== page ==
In many ways we’ve come along way since the Ultimate Fighting Championship was launched back in November of 1993. In recent years Mixed Martial Arts has, in the United States at least, begun to reach an increasingly mainstream audience. The historic UFC 100 event was a turning point. Covered by many of the major networks in the states it brought in an estimated 1.7 million pay per view buys – a number that sees it rubbing shoulders with the biggest boxing PPV’s of all time.
Fast forward a few months and YouTube sensation Kimbo Slice has sent the viewing figures for the latest series of The Ultimate Fighter reality show to new heights, with some 6.3 million viewers tuning in to see his fight with Roy Nelson.
Meanwhile one of the sports biggest names Chuck Liddell has just finished a four week stint on the hit ABC show ‘Dancing With The Stars,’ whilst also finding time for a guest appearance on the longest running and most successful cartoon series of all time, ‘The Simpsons’ in an episode based around the sport.
To cap it all off, Dana White recently guaranteed that within the next year the UFC will be on network television in the U.S.
Whilst there are still barriers to break down – some states like New York for instance, have yet to sanction the sport, MMA is well on it’s way to establishing itself as a mainstream sport in the U.S.
In other countries around the world, there is more work still to be done.
Though the first UFC event in the United Kingdom occured back in July 2002, it wasn’t until UFC 70, some five years later, that it became a regular destination for the promotion. Since then the sport has certainly grown in the UK. Events are now broadcast live on ESPN UK, whilst mainstream station Channel Five airs ‘The Ultimate Fighter’ series and shows highlights of key UFC events.
Despite this the UK shouldn’t be seen as keeping pace with their U.S counterparts in terms of mainstream acceptance just yet. Though popular newspapers such as The Sun and The Telegraph now cover the sport, some are still trying to get their head around the idea of mixed martial arts, as can be seen in articles published in The Daily Mail and The Guardian in the past week.
Others, such as The Guardian’s Martin Kelnar, are quick to mock, and offer uneducated opinions:
“With the best will in the world, cage fighting does look ridiculous. I am sure you have to train hard and be extremely fit…but, especially at the lower weights, it just looks like a fight in a school playground.”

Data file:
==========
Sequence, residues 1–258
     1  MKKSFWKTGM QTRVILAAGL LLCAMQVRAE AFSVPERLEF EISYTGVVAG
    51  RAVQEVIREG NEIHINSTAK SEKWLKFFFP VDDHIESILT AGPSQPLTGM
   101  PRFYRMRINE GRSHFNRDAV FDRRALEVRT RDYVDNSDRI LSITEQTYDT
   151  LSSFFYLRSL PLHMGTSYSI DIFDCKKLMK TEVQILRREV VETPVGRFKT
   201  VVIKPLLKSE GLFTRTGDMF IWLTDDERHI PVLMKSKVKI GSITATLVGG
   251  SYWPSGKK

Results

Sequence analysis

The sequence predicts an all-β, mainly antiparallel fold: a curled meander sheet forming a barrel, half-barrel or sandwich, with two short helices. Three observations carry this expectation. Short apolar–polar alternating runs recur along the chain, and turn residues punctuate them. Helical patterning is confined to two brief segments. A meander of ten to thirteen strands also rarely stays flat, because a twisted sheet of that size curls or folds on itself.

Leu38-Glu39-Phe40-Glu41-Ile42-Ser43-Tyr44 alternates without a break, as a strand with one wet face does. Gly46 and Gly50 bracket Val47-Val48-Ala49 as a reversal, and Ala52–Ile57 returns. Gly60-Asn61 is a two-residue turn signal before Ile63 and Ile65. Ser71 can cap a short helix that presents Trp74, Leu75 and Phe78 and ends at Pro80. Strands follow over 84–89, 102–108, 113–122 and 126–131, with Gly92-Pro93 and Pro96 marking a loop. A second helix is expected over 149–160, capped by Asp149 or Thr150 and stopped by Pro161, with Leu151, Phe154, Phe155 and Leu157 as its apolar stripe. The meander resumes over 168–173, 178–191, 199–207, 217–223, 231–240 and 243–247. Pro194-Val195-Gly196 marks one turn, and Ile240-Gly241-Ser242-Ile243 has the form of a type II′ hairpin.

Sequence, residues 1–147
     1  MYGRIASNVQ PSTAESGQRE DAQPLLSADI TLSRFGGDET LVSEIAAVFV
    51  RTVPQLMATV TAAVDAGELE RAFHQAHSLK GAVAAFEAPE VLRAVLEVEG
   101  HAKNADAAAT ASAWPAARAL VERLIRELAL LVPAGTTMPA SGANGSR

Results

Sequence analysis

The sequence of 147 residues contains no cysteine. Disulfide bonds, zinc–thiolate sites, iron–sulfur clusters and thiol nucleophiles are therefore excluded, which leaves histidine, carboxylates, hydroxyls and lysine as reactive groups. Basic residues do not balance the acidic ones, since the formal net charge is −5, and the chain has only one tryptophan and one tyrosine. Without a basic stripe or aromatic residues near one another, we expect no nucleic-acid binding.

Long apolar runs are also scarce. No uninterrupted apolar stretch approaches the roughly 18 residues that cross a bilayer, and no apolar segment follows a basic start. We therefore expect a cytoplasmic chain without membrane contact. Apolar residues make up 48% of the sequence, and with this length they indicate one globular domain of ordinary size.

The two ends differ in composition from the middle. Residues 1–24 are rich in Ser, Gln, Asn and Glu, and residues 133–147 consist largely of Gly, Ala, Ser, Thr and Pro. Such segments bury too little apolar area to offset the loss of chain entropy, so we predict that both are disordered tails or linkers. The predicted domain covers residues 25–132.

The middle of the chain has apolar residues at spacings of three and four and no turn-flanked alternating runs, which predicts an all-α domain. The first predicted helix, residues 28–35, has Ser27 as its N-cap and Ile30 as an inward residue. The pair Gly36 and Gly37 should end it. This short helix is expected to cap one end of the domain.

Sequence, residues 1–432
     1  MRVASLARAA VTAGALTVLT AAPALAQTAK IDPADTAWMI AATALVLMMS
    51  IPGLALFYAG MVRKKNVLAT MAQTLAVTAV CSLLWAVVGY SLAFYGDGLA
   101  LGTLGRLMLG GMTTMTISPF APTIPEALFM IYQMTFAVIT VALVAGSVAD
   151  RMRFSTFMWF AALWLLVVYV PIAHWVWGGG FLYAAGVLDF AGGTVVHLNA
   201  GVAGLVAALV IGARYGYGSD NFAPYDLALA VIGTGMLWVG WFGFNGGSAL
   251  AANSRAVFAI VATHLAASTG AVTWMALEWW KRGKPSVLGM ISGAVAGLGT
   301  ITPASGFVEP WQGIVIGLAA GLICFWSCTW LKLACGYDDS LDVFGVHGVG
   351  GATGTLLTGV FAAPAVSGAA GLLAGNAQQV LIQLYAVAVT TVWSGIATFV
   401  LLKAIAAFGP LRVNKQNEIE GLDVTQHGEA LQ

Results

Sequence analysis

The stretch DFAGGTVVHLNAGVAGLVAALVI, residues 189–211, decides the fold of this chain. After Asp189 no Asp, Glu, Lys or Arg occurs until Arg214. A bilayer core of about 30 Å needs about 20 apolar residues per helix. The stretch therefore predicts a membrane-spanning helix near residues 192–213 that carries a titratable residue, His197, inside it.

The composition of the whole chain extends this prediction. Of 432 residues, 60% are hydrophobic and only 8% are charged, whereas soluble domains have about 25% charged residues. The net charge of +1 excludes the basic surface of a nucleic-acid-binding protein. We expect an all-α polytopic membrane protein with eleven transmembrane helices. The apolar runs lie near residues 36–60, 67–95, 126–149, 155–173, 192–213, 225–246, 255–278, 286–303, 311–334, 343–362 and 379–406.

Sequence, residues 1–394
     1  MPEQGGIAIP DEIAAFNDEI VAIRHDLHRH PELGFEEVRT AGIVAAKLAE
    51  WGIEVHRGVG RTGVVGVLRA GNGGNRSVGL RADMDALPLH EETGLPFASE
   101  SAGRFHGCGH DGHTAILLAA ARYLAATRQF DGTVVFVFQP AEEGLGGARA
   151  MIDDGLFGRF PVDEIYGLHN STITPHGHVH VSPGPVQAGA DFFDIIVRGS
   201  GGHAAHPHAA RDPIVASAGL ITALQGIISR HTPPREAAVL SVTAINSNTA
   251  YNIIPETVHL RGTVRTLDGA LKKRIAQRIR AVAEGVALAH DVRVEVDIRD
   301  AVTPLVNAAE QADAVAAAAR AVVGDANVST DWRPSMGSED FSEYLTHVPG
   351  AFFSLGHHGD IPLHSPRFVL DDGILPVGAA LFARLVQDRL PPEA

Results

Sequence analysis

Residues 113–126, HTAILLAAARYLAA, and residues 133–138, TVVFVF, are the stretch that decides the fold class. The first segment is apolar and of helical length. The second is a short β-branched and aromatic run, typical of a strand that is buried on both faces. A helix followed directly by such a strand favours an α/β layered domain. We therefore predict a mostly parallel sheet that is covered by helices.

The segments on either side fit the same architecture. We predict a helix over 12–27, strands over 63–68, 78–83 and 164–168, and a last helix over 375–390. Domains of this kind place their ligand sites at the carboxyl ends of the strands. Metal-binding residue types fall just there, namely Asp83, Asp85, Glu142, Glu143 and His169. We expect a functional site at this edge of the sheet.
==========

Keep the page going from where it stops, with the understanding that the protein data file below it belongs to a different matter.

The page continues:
It will take more time before for the MMA is fully understood and appreciated in the UK. Even in Brazil, a hot-bed of mixed martial artists since the early days of the UFC when Royce Gracie reigned supreme, there is still work to be done. Despite modern day stars like middleweight champion Anderson Silva and light heavyweight belt holder Lyoto Machida climbing to the very top of the sport, only now are they starting to gain the respect and recognition that they deserve.
Mauricio ‘Shogun’ Rua, who will fight his fellow countryman Lyoto Machida for the light heavyweight title later this month, recently stated in an article for SI.Com:
“People are understanding the sport more. We’re getting more famous and recognized in Brazil. We used to get greeted much more abroad. Now it’s starting to get even in some sense. I think people are beginning to respect this as a profession, as a sport. In the past when you said you were a fighter, people made faces.”
Though there are still obstacles to overcome, countries like the U.K and Brazil are further along the path to acceptance than others who have yet to experience the sport on a large scale.
Take Australia for instance. With the news that the UFC will be arriving on their shores next year, the mainstream media are already up in arms at the prospect and busy digging into their book of cliches.
“Cage Rage Coming Here” the headline in the Sydney Morning Herald warned just a few days ago. “The sport described by critics as “human cockfighting” is coming to a stadium near you, despite warnings that US-style cage fighting will fuel more violence on the city’s streets.”
Having fought through the same ill-informed articles before in other countries (In their first trip to Germany in June, an article in the Frankfurter Allgemeine Sonntagszeitung, one of the countries leading papers, stated that everything is legal in MMA except for biting and gouging), such headlines will not come as a surprise to the UFC. It has largely become accepted as an inevitable by-product of their expansion plans, and they are becoming increasingly aware of how to deal with it.
They know from past experience that regardless of how the media portrays the sport, almost everywhere the UFC goes they fill venues and regularly set attendance records. As Dana White himself says, they have only scratched the surface of how big this sport can become.
Take Mexico for instance. When the UFC secured a TV deal with Grupo Televisa in time for UFC 100 they were met with instant success as some 25 million people tuned in to see the event. With up and coming fighters of Mexican descent like Cain Velasquez and Efrain Escudero on their roster it is only a matter of time before there is an event held in the country.
Other locations around the world will soon follow. “We’re going everywhere” Dana White says. “When I say everywhere, I mean everywhere. We’re mapping out next year right now. Figuring out the dates, we’re gonna go to a lot of new places. ”
In many of these places they will meet resistance and have to break down barriers. The belief however is that as mixed martial arts continuing to grow in popularity around the world, we will eventually reach a point where it will come to be accepted by the media around the world for what it is – not as ‘cage fighting’ or ‘ultimate fighting,’ but as a legitimate sport, just the same as basketball, boxing or badminton.
Article By Ross C.
Pictures courtesy of sherdog.com